Short essay on role of opposition parties in democracy


Benjamin Disraeli’s dictum that “no government can long be secure without a formidable Opposition” has been found by experience to be quite true and fully valid. Wherever the parliamentary system of government has been established, the importance of a healthy, effective, vigilant and wide awake Opposition has been fully realised.

The British Parliament is commonly acknowledged to be the “Mother of Parliaments”. It has also been the best model of a system where the Opposition is officially recognised as His (or Her) Majesty’s Opposition.

The largest minority party constitutes the official Opposition in the British Parliament, with its own leader and its own council, popularly known as the “Shadow Cabinet”. The leader of the Opposition in Britain (and in most parliamentary democracies around the world) is accorded official recognition and provided several facilities to enable him to function adequately. He is regarded as the future Prime Minister, since his party, especially in Britain, offers a viable alternative to the government of the day.


The common belief that a healthy Parliamentary opposition is essential for the sound working of democracy implies that unless there is a vigilant opposition, constantly on the alert and ever watchful of the government’s policies and actions, the ruling party would tend to get complacent and tardy. But, when there are well-informed critics, ever ready to expose the wrongs committed by the government, and to bring to light its acts of omission and commission, the ruling party can hardly afford to be slack and negligent in the performance of its duty towards the country—namely, to provide an efficient and sound administration.

The parliamentary system of government works very smoothly where there are two principal political parties, more or less equally matched, the one out of power ever ready to take over the reins of the administration whenever the majority party is voted out of office, or resigns on a major issue, or is reduced to a minority as a result of defections or resignations of members.

A vigilant public also plays the role of the Opposition. Democracy, after all, is participation in the administration in a responsible manner. “The democratic problem”, said the well-known commentator Lindsay “is the control of the organisation of power by the common man.”

The citizens of a democratic country must be “thinking men and women”, possessing independent opinions and capable of taking intelligent interest in public affairs. It has been rightly said that the success of a democracy depends upon the ability, character and, what is no less important, the power of discrimination which the people are expected to possess.


In fact, democracy is reduced to an empty show if the citizens begin to behave like sheep and dumb cattle and develop the crowd mentality of being driven whichever way the leaders dictate.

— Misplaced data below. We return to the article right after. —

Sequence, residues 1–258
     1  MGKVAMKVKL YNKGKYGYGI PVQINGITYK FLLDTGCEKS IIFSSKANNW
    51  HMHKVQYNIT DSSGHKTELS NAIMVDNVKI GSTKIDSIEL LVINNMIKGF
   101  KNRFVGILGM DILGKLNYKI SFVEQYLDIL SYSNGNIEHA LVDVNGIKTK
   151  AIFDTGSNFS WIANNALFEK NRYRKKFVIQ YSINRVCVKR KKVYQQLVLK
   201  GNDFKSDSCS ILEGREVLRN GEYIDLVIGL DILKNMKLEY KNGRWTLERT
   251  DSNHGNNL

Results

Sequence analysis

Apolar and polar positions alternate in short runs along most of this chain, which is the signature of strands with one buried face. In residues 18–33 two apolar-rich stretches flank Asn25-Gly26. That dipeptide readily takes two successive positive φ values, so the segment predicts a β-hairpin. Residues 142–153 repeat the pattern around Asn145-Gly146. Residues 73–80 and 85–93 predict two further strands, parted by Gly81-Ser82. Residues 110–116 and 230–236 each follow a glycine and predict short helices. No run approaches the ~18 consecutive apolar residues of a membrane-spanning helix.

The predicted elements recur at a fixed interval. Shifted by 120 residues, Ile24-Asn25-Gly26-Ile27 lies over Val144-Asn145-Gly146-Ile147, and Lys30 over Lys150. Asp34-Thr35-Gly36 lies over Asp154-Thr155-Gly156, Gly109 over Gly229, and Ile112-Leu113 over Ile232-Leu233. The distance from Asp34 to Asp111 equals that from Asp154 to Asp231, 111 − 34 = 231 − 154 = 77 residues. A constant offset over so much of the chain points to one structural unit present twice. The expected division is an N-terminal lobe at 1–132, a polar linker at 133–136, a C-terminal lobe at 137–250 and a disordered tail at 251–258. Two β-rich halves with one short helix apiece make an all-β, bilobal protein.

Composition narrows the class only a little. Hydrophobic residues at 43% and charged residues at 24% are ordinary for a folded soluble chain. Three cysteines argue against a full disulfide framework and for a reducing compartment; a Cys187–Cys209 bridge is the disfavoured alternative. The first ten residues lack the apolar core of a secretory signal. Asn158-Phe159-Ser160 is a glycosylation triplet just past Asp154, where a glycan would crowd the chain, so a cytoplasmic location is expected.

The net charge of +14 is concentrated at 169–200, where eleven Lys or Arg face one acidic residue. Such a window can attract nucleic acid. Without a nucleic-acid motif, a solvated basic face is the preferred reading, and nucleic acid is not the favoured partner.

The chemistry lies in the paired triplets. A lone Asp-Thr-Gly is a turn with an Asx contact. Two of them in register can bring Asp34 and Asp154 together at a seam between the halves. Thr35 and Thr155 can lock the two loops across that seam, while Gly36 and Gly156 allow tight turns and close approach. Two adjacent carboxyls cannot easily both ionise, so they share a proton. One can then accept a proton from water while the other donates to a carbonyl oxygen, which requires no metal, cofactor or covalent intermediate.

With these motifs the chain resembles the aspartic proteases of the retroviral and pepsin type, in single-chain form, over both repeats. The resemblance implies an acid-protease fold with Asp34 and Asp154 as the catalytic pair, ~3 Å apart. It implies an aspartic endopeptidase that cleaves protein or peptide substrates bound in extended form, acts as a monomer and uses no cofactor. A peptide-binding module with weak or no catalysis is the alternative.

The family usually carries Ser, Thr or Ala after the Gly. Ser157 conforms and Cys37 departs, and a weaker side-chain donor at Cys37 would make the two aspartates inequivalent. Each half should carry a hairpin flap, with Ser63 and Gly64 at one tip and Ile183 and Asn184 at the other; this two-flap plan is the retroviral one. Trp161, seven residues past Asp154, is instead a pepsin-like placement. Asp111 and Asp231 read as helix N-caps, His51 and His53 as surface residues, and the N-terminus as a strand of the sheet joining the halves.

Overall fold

Active and intelligent participation of the people in public affairs can be assured if they are adequately educated. Without education there can be no intelligent discussion and participation in the processes of gov­ernment.

Education produces rational human beings, and the power of thinking develops the power to discriminate between good and bad. A citizen of a democratic regime is not merely to obey; he has also to see if his obedience is rational and warranted.

A citizen is expected to develop the power of vigilance and the ability to distinguish between chalk and cheese. People who follow Bentham’s maxim “While I will obey promptly, I will censure freely” are true citizens of a democratic State.


They possess the power to judge right and wrong and also the ability to criticise. It is this ability to judge and discriminate that leads to responsible criticism and to a healthy democracy.

Democracy provides an outlet and a safety valve for the people’s anger and frustration, and this outlet is open criticism of the government, whenever and wherever it does something wrong, or fails to adopt the right course as demanded by the public interest.

Thus, the public shares the role of the Opposition whenever occasion demands it. The Press also has a vital role to play in a democracy. It is the popular forum of educating the public and also expressing the public viewpoint.

Actually, the Press not only reflects public opinion and is the people’s voice in a democracy; it also helps to build up public opinion. The Press should really be a jealous guardian of the people’s rights, privileges and liberties.


Granted that it is the function of the Opposition to oppose, but whether it is the Opposition in Parliament or the critics of the government in public, or the newspapers in the country, all criticism has to be made, and the Opposition voiced, in a responsible and healthy manner.

If the Opposition behaves irresponsibly, and indulges in unhealthy, destructive criticism, instead of constructive discussions, the entire democratic fabric is endangered. Both sides—the ruling party and the Opposition—have to observe the rules of the game. They must not play foul; for, one foul inevitably leads to another and yet another, and then the end of folly is nowhere in sight.

Democracy then becomes a mess. It is quite obvious that unless the people are vigilant and alert, all power would pass into the hands of clever professional politicians and demagogues who seldom hesitate to exploit the ignorant masses and pursue policies that help them to perpetuate their rule.

It is also the duty of the government to facilitate healthy functioning of the Opposition. If, however, it imposes restraints of various types and suppresses public opinion and the public voice, both inside and outside the legislature, it is guilty of undemocratic and authoritarian tendencies, which are as unhealthy as irresponsible conduct by the groups and Opposition newspapers.

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